The Right Way to Revisit Emerging Markets | ETF Trends

With the MSCI Emerging Markets Index (MXEF) higher by almost 5% over the past month, advisors may be rethinking allocations to developing economies.

An array of portfolios within WisdomTree’s series of Modern Alpha ETF Model Portfolios feature emerging market exposure via a variety of ETFs. One of the cornerstones of the emerging market of some of those model portfolios is the WisdomTree Emerging Markets ex-State-Owned Enterprises Fund (NYSEArca: XSOE).

XSOE seeks to track the price and yield performance of the WisdomTree Emerging Markets ex-State-Owned Enterprises Index. Under normal circumstances, at least 80% of the fund’s total assets will be invested in component securities of the index and investments that have economic characteristics that are substantially identical to the economic characteristics of such component securities. The index is a modified float-adjusted market cap weighted index that consists of common stocks in emerging markets, excluding common stocks of “state-owned enterprises.”

“For emerging markets, many of our strategic model portfolios and core allocations are anchored with a growth-tilted core emerging markets holding—the WisdomTree Emerging Markets ex-Stated-Owned Enterprises Fund (XSOE),” said WisdomTree Research Director Jeremy Schwartz in a recent note.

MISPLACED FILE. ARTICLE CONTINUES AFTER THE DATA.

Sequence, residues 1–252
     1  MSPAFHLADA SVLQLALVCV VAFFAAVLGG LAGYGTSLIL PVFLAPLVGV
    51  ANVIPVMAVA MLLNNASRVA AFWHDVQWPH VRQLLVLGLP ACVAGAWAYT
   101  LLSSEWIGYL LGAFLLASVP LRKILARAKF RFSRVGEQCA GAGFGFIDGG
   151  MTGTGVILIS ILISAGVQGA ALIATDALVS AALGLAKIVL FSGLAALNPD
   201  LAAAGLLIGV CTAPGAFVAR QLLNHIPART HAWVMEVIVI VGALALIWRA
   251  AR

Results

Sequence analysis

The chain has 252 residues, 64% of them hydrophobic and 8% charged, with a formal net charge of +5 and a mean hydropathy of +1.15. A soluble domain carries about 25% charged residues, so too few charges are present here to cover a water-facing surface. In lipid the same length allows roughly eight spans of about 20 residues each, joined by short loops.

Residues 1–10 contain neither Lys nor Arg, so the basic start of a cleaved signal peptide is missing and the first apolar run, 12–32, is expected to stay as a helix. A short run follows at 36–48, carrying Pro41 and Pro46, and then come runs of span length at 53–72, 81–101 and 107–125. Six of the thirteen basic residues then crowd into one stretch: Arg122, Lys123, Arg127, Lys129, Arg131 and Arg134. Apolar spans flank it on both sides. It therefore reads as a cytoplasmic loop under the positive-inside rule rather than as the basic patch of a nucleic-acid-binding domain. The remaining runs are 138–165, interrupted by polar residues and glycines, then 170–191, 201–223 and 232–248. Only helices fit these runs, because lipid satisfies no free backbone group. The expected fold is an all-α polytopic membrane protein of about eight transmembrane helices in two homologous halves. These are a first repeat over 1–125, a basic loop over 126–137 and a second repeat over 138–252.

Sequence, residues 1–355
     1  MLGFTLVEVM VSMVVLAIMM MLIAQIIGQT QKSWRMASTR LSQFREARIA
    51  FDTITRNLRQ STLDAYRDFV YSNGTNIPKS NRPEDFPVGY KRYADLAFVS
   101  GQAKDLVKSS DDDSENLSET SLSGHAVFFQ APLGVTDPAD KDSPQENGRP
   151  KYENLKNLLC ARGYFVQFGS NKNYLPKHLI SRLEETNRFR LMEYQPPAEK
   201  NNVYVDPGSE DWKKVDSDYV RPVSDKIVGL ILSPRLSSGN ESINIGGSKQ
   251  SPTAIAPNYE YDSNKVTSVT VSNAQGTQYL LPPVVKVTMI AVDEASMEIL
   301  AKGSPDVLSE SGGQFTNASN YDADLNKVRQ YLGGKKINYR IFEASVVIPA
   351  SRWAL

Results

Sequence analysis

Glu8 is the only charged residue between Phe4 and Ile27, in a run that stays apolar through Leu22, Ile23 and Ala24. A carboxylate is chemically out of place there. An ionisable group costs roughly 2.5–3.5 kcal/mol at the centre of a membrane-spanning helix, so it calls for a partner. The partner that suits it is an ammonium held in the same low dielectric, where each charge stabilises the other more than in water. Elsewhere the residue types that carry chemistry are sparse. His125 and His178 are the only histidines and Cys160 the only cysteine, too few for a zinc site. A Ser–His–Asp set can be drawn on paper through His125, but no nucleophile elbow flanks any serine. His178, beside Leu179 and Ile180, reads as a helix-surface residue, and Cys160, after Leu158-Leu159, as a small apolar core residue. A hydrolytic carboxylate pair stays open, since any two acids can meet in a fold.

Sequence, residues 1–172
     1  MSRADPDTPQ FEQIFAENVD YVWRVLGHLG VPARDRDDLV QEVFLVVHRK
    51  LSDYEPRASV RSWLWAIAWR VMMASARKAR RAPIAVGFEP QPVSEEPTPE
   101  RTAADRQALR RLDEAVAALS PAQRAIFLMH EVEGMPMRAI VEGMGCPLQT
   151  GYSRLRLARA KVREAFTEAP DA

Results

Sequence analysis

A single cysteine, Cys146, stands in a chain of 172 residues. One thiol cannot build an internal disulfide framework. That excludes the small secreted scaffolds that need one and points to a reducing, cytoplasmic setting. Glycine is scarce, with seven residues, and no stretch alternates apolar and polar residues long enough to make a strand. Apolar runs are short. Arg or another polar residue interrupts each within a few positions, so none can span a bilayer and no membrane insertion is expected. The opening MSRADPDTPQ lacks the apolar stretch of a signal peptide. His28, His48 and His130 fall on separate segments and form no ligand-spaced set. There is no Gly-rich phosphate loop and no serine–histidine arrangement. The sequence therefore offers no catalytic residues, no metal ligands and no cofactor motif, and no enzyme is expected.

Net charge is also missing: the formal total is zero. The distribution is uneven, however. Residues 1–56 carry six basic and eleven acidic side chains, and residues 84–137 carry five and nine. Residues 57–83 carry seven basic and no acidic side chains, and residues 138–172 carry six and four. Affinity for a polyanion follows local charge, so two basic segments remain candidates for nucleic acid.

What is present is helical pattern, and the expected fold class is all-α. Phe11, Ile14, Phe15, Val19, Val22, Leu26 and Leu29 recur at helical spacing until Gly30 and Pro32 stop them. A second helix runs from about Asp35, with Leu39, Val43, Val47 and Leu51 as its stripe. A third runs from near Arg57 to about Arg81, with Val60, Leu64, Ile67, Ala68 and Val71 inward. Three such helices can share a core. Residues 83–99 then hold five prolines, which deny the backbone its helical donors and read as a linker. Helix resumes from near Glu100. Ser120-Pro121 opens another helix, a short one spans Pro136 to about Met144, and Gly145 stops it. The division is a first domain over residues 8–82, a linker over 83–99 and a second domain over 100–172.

Examining XSOE

State-owned enterprises (SOEs) are common in emerging markets strategies and are often prominent in three sectors – energy, financial services and materials – through telecom and utilities, in some markets, have their share of SOEs, too.

In other words, traditional emerging markets benchmarks that are heavily allocated to those sectors make it difficult for advisors to source growth. Data confirm sector differences are meaningful contributors of XSOE’s out-performance of traditional emerging markets indexes.

“The allocation impact from sector deviations only represented 80 bps of the 354-bp total outperformance. Stock selection, and better returns within the sectors, was a key driver,” according to Schwartz. “This is the impact from WisdomTree’s methodology removing SOEs, as both indexes follow a generally market capitalization-weighted approach.”

By eliminating state-run companies, XSOE features scant exposure to banks and energy stocks. By excluding state-controlled firms, the WisdomTree Emerging Markets ex-State-Owned Enterprises Fund ratchets up exposure to the emerging markets consumer story.

“In our view the decade ahead is unlikely to see the U.S. continue its major outperformance,” said Schwartz.Emerging markets represent one of the global growth stories we see over the long run. To capitalize on this potential, we’d advocate for a growth-tilted core like XSOE.”

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The opinions and forecasts expressed herein are solely those of Tom Lydon, and may not actually come to pass. Information on this site should not be used or construed as an offer to sell, a solicitation of an offer to buy, or a recommendation for any product.